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Bed cover

  • Place of origin:

    England (made)

  • Date:

    ca. 1805 (made)

  • Artist/Maker:


  • Materials and Techniques:

    Patchwork of printed and plain cottons, partly block-printed and partly embroidered

  • Credit Line:

    Given by Mrs Gertrude S. Ferraby

  • Museum number:


  • Gallery location:

    In Storage

This is rare example of a figurative coverlet that has been entirely pieced over paper; an incredibly labour-intensive endeavour which testifies to both the design and needlework skills of the maker.

Drawing on popular printed images, this patchwork coverlet was worked during a period of intense naval euphoria. The central scene shows King George III reviewing the volunteer troops, and is based on a painting by John Singleton Copley (1738-1815) 'His Majesty reviewing the volunteer corps' (1799). On 4 June 1799, King George III carried out a review of 15,000 volunteer troops at Hyde Park, London. Celebrating the King's 61st birthday, the occasion was also a carefully calculated show of military strength at a time of possible French invasion.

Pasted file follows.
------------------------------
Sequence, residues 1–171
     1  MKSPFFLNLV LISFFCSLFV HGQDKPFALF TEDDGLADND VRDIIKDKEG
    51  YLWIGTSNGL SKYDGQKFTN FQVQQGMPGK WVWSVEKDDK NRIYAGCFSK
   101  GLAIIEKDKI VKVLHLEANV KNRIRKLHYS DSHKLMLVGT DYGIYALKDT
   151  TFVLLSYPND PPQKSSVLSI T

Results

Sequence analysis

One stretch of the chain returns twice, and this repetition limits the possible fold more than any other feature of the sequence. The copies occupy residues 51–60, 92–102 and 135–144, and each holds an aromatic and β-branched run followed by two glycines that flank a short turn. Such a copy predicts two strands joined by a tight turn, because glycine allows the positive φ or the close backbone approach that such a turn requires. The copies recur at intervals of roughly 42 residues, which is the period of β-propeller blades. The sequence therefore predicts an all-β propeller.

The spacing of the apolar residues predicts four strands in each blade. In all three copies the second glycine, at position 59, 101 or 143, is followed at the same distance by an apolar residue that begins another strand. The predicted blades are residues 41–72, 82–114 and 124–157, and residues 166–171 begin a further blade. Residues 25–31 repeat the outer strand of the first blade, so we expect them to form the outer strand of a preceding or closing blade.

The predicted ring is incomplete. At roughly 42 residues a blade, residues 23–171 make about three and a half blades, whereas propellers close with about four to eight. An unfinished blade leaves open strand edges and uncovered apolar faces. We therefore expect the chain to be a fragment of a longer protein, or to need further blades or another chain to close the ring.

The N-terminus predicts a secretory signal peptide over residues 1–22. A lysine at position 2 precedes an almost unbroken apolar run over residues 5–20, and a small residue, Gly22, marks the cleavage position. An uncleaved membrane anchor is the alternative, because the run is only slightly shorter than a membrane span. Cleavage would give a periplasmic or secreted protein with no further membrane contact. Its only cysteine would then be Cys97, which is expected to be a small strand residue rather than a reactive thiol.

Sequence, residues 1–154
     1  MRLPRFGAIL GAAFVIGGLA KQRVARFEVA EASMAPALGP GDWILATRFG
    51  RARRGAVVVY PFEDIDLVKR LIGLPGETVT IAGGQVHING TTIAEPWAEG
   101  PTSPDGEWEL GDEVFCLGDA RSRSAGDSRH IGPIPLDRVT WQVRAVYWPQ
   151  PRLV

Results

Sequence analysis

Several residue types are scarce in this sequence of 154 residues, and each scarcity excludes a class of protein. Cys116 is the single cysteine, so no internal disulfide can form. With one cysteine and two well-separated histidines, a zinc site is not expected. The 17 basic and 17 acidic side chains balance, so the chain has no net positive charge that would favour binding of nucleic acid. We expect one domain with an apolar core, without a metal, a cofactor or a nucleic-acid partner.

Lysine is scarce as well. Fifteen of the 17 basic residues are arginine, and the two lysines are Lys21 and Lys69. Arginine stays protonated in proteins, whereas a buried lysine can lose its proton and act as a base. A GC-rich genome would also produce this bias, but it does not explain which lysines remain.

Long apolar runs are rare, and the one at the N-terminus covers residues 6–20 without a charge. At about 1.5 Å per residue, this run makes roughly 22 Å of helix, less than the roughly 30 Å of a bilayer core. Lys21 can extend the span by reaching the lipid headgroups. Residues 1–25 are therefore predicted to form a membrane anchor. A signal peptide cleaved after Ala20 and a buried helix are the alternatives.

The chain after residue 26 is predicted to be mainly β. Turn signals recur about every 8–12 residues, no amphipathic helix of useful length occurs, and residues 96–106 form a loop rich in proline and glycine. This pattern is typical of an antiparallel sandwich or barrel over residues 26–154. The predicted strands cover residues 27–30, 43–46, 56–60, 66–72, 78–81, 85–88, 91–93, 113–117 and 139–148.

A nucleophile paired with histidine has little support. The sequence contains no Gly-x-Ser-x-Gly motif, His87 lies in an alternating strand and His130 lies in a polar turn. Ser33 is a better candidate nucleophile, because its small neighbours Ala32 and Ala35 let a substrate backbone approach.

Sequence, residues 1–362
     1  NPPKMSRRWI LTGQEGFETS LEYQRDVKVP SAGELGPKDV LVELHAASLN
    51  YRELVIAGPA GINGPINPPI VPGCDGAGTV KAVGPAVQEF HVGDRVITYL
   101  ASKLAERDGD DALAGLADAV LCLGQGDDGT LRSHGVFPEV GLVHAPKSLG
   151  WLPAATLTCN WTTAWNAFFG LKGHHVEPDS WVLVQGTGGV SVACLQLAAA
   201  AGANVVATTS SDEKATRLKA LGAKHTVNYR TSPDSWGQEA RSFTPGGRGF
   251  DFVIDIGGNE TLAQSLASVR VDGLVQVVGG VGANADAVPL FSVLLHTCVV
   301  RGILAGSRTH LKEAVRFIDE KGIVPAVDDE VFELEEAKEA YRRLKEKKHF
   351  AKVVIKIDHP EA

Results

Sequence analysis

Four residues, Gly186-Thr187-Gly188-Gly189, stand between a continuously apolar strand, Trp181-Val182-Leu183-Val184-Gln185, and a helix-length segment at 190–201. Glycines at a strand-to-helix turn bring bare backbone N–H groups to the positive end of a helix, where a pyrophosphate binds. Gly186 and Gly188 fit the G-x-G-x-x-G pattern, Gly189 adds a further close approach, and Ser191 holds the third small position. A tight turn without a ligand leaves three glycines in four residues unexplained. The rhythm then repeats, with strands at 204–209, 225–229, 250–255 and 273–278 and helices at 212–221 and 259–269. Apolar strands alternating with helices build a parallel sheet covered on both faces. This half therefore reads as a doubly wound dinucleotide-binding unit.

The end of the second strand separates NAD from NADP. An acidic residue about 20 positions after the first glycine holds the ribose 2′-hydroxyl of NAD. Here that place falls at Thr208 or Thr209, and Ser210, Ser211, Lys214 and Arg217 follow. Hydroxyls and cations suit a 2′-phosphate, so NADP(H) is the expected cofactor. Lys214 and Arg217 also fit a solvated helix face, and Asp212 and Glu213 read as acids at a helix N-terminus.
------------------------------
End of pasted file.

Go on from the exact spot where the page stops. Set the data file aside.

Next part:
In several scenes, a small, red-haired figure appears alongside soldiers and sailors. Absent from the original prints, this may well be a self-portrait of the maker.

Physical description

Bed cover of unlined patchwork made from a wide variety of plain and printed cottons. At the centre is a circular figurative panel that has been pieced and embroidered, and showing the review of volunteer troops in Hyde Park by King George III. The ground is of white cotton with a repeating pieced design of segmented circles in printed cottons. Each circle has a variety of different patterns within it, including stars, squares, crosses, diamonds and flowers. The cottons include coral-like shapes, dots, florals, hearts and anchors. Many are block-printed cottons from the late eighteenth century, and some were originally glazed. The central panel may have been inserted after the completion of this patchwork, as it cuts through two pieced representations of the sun and the moon. It suggests that the two may once have been separate patchwork projects, although they may have been worked by the same hand as both the stitching and textiles are consistent.